It’s the record flooding along the Mississippi River that’s getting national attention in early May.
But, from 8 a.m. on April 25 through 8 a.m. on April 28, the big story weatherwise across the country was the 362 confirmed tornadoes, the largest outbreak ever for any 72-hour period in recorded history. Nearly 330 people were killed in seven states, 236 persons in Alabama alone. Thousands were injured. Property damage may exceed $2 billion.
There were 226 ‘twisters’ observed in a single day on April 27, likewise a new all-time record. This broke the previous mark of 148 tornadoes on April 3, 1974.
As of Thursday, May 5, the latest Weather Service estimate for the total number of tornadoes counted this past April in the U.S. was a staggering 613 ‘twisters.’ The previous record was 267 tornadoes in April of 1974. The average number of tornadoes sighted in April since 1880 has been 161.
Prior to April of 2011's record tornadic outbreak, the old record for any month since 1880 was 542 tornadoes observed in May of 2003.
It’s quite possible that 2011 will eventually go into the record books as the year with the most tornadoes ever sighted. As of this writing, we had counted 881 ‘twisters’ already this 2011 season across the country. The all-time record was 1817 tornadoes in 2004.
Scientists once again are blaming GLOBAL WARMING for this spring’s record outbreak of tornadoes. As my friend, correspondent Cecil Hathaway says: "Apparently, global warming is responsible for everything bad that happens. And, it’s all being caused by us human beings."
But, we’re not seeing more tornadoes due to global warming. As Roy W. Spencer, Ph.D., Climatologist, and the Principal Research Scientist at the University of Alabama in Huntsville explains: "Contrasting air masses of widely-varying temperatures is the key. Active tornado seasons in the U.S. are always the result of UNUSUALLY COLD air pushing much farther south than normal through the Midwest into Dixie."
He goes on to add: "For example, the ‘poster child’ for active tornado seasons was the so-called ‘Super Outbreak’ in April of 1974, which took place during a period of widespread global cooling. (Some thought that we were entering a new ‘Little Ice Age.’)"
During this ‘La Nina’ spring, we’ve seen a much cooler and wetter than normal period that has significantly delayed the planting of corn east of the Mississippi River in the Midwest. There is no doubt that these La Nina years favor far more tornadoes than usual.
Despite the recent warming in the Arctic regions, the average global temperature, as I reported last week in ‘Gems,’ has plummeted by nearly a full degree Fahrenheit in just the past year.
Here is what Dr. Spencer says about this spring’s weather;
"The extra moisture from the Gulf of Mexico this spring is not that important. It’s the cold ‘wind-shear factor’ that has caused the record outbreak of tornadoes. If global warming were the cause, there would be more tornadoes in Canada than Alabama. And, that’s not happening."
Dr. Spencer goes on to add: "Anyone who claims that more tornadoes are linked to global warming is either misinformed, pandering, or delusional."
Roy W. Spencer, Ph.D. is a climatologist and a Principal Research Scientist for the University of Alabama in Huntsville, as well as the U.S. Science Team Leader for the Advanced Microwave Scanning Radiometer (AMSE-E) on NASA’s Aqua satellite. He has served as a senior scientist for climate studies at NASA’s Marshall Space Flight Center in Huntsville, Ala.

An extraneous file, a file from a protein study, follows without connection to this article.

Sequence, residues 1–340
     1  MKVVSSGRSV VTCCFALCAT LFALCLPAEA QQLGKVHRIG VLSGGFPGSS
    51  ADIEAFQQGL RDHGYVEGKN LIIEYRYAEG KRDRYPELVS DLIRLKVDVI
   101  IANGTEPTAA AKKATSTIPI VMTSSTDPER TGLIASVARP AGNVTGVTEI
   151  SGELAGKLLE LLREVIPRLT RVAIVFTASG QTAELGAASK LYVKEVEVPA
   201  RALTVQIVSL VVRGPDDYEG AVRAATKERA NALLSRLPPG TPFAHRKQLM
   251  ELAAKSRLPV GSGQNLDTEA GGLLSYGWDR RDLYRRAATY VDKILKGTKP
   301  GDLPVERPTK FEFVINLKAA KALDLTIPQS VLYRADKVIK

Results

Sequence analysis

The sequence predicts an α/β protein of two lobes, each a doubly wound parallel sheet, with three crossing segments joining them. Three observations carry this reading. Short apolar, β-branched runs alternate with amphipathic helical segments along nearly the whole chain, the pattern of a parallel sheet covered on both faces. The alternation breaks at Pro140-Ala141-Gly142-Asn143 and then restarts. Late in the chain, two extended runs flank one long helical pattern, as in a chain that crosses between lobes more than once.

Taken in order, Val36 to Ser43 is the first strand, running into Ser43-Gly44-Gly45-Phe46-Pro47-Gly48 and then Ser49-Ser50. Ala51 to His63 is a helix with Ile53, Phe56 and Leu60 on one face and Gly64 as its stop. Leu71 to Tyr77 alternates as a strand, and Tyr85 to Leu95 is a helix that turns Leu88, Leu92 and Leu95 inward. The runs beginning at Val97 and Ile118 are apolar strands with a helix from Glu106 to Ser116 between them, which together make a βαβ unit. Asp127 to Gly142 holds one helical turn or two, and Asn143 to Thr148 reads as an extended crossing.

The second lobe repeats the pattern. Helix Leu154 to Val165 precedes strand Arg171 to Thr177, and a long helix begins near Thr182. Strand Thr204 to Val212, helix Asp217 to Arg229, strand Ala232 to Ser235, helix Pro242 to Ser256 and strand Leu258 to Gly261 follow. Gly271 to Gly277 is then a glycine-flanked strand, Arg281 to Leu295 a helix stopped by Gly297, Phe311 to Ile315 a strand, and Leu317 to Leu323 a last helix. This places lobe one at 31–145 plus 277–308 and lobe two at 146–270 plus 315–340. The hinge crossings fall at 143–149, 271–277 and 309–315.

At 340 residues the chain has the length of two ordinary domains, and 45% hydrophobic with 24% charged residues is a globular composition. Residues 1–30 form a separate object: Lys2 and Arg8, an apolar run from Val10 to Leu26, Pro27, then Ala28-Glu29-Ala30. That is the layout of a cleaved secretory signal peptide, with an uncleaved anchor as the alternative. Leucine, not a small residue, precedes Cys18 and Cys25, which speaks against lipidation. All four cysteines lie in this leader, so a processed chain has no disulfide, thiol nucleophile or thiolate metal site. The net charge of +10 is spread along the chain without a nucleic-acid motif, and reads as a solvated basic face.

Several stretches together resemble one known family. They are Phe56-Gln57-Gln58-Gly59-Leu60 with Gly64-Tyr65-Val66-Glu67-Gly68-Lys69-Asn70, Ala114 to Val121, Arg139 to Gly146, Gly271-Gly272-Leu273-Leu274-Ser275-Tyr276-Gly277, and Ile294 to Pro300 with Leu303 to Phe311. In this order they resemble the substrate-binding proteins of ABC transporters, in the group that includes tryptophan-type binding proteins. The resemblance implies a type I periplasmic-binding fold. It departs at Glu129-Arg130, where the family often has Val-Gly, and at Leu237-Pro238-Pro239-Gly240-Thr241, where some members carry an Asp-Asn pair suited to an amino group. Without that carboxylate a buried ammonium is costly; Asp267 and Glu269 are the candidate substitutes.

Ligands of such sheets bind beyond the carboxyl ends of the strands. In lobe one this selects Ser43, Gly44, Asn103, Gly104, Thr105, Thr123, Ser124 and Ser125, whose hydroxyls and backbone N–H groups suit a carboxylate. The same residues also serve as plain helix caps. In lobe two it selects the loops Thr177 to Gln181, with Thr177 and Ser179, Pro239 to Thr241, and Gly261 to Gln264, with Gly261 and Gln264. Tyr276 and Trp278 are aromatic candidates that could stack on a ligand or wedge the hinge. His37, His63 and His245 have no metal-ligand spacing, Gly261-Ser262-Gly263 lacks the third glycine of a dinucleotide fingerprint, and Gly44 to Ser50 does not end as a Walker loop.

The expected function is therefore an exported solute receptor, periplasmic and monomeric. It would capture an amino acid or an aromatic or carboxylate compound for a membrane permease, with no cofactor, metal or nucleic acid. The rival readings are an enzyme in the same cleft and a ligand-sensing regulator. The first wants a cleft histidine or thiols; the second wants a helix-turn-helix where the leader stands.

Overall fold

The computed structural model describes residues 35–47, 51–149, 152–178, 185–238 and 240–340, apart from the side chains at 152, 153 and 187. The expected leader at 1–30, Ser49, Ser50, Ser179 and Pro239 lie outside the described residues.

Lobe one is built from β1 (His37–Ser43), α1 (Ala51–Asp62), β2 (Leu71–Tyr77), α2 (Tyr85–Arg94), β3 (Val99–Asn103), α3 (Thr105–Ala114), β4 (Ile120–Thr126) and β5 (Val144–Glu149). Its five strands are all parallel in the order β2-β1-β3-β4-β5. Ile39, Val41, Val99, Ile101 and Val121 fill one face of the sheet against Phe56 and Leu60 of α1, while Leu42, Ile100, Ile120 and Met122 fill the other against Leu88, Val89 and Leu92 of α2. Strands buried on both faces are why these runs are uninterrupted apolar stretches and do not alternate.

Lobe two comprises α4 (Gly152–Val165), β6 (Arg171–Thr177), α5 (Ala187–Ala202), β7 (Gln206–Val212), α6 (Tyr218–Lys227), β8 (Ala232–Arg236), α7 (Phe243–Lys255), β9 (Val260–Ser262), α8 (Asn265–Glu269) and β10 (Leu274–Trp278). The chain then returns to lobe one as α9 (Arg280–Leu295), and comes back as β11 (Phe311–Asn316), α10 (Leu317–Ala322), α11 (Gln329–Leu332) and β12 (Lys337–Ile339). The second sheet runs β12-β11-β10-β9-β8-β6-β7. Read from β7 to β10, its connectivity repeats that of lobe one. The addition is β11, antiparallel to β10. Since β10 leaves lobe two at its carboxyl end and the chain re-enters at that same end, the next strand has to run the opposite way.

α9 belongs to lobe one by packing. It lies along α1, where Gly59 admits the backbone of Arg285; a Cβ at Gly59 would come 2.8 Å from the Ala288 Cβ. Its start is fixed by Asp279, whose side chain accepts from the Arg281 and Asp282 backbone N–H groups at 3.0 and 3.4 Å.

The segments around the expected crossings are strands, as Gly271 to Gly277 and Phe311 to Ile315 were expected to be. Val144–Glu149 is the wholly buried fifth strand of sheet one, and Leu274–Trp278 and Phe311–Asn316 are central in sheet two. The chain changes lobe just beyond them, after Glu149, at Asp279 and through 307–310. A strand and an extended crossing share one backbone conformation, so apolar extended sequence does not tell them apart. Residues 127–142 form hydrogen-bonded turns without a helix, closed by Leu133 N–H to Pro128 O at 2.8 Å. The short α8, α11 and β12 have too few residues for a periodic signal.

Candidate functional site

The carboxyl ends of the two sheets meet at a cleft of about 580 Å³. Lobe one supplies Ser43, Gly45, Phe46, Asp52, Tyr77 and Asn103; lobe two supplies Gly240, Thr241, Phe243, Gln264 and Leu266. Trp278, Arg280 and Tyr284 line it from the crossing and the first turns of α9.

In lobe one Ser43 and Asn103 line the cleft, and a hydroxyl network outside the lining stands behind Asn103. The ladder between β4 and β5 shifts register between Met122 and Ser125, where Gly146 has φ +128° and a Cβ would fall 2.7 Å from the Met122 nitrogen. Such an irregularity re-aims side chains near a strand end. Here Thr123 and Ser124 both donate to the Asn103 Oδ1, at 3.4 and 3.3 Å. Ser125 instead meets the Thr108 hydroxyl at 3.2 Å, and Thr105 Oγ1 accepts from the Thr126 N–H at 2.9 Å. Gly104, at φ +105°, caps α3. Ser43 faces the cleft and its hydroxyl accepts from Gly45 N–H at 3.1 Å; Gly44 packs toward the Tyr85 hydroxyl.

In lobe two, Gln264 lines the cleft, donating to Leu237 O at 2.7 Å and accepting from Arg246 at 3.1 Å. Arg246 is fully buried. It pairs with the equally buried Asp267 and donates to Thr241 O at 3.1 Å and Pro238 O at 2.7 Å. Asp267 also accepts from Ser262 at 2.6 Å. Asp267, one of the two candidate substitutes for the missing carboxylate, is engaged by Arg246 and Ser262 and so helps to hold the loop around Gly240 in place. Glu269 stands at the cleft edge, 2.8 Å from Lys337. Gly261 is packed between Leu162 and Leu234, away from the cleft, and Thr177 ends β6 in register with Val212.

He is known for his satellite-based temperature monitoring work, for which he was awarded the American Meteorological Society’s Special Award. Spencer’s research suggests that global warming is mostly natural, and that the climate system is quite insensitive to humanity’s greenhouse gas emissions and aerosol pollution and suggests that natural, chaotic variations in low cloud cover may account for most observed warming.
NOTE: I’ve read Dr. Spencer’s book, "Climate Confusion." One can order a copy at: www.EncounterBooks.com.
I enjoyed it!
NORTH IDAHO WEATHER REVIEW AND LONG-RANGE OUTLOOKS
Following the third-coldest, the third-snowiest and the third-wettest April since at least 1895 in Coeur d’Alene, the first several days of May, as of this Thursday, Cinco de Mayo writing, have been quite nice with only scattered sprinkles and highs in the low to mid 60s.
The valley’s snowpack is finally gone, and no new snows are expected in the next several months in the lowlands despite a few snow showers above 4,500 feet in the nearby mountains early this next week.
We are hoping and praying that May will be a drier-than-normal month as ‘La Nina’ continues to shrink in size and weaken in the waters of the Pacific Ocean. We certainly don’t need heavy downpours, which would undoubtedly lead to rather extensive flooding in North Idaho later this month into early June, as the heavier-than-usual mountain snowpack melts quickly with the warmer days and the nights above the freezing mark.
Longer-term, Randy Mann and I are still hopeful that we’ll see a warm and dry summer season in 2011 as ‘La Nina’ finally dies off in the tepid waters of the Pacific.
A very strong stationary ridge of high pressure could begin in June lasting through July, August and at least early September. This should mean lots of ‘Sholeh Days’ this summer with afternoon highs near or above 90 degrees. At least three or four days may see afternoon maximum readings near or above the century mark in the Inland Empire.
But, if we do see unusually hot, dry and windy weather this summer, it could spell BIG TROUBLE for this region’s parched grasslands and forests. Fires could rage over wide areas of the Far West later in the season. Stay tuned.
Cliff Harris is a climatologist who writes a weekly column for The Press. His opinions are his own. E-mail firstname.lastname@example.org